Masset mayor praises Japanese gesture

  • Mar. 18, 2013 1:00 p.m.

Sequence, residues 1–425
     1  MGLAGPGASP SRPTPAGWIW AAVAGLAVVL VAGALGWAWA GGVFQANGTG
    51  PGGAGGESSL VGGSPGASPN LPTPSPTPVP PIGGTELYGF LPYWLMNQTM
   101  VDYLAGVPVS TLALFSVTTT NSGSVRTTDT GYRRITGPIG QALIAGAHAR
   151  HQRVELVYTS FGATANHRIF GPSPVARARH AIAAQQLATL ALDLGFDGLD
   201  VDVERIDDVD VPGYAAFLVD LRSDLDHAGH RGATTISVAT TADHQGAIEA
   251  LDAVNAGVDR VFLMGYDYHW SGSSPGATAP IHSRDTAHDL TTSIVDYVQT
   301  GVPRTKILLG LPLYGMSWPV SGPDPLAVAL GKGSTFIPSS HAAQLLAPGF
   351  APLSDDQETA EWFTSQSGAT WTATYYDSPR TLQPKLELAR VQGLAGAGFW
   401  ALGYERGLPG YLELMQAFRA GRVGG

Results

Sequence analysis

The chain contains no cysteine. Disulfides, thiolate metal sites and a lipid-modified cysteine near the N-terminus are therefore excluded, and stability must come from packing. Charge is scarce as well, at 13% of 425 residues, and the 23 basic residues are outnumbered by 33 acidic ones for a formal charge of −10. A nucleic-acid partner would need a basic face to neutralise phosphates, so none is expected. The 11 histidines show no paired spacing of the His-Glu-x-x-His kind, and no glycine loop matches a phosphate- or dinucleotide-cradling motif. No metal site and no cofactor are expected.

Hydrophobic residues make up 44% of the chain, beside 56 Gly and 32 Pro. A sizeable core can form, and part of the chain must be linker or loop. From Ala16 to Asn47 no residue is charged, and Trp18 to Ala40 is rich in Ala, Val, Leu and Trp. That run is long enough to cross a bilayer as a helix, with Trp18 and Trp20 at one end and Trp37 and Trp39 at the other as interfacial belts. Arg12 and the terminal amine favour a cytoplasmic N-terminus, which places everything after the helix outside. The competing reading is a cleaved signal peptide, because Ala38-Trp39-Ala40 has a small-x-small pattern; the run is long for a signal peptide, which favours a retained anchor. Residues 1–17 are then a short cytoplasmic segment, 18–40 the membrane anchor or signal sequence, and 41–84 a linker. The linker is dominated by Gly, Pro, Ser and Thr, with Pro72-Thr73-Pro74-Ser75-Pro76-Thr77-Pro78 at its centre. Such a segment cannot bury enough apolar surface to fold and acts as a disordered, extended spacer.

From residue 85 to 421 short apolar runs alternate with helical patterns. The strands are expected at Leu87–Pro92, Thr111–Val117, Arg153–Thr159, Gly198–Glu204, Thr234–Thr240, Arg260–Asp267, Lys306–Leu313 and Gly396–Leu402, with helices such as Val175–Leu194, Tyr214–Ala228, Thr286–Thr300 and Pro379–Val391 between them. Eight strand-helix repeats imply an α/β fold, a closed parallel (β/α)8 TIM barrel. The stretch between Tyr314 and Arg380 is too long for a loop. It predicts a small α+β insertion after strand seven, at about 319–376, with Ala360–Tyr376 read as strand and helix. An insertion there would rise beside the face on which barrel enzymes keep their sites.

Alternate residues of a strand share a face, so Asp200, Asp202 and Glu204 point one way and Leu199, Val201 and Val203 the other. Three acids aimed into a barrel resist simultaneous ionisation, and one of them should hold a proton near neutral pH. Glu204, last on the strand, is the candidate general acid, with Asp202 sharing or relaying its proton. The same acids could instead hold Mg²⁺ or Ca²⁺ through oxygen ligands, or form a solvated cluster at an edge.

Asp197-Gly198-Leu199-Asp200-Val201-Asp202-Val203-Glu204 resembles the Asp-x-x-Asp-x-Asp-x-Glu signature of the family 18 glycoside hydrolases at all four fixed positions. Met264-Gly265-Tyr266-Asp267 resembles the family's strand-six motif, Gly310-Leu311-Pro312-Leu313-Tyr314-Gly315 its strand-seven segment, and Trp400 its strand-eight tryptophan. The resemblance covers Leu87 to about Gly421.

Masset mayor Andrew Merilees is praising the Japanese government for its unprecedented $1-million donation to Canada to help deal with tsunami debris washing up on the west coast. “I thought it was a very generous donation,” Mr. Merilees said. “The tragedy, of course, was no fault of their own… I don’t know of any other country that would have done that.” The debris started floating ashore last year, about a year after the 2011 earthquake and tsunami devastated northeastern Japan. The Japanese government estimates about 1.5 million tons of debris was washed out to sea as a result of the tsunami. Japan’s consul general in Vancouver, Seiji Okada, said the grant is a gesture of goodwill by the Japanese people. “The Canadian government proved to be reliable friends throughout the most difficult of times,” Mr. Okada said. “Canadian thermal blankets provided much-needed short-term warmth to those exposed during the long cold winter nights in northern Japan.” Canadians donated $15 million to the Canadian Red Cross to help Japanese victims. Mr. Merilees said the gift from Japan marks the first time any government has provided money specifically for tsunami cleanup. Although the BC government has been working on a plan to deal with the debris, it has not earmarked money for the work. Mr. Merilees said it can be expensive to deal with large pieces that land on remote beaches. A concrete container that washed up on the east coast of Graham Island earlier this year cost BC Parks $15,000 to get rid of, he said. Queen Charlotte mayor Carol Kulesha said the Japanese gift will have to be supplemented with money from other levels of government. “It is obviously not enough funding, but it is an acknowledgement of how we are all tied together in this tragedy,” Ms Kulesha said. BC Environment Minister Terry Lake said some of the Japanese grant will be spent to remove garbage from coastal communities. So far, the amount of material arriving has been less than expected. Mr. Lake said BC has spent about $500,000 already on cleaning up the debris.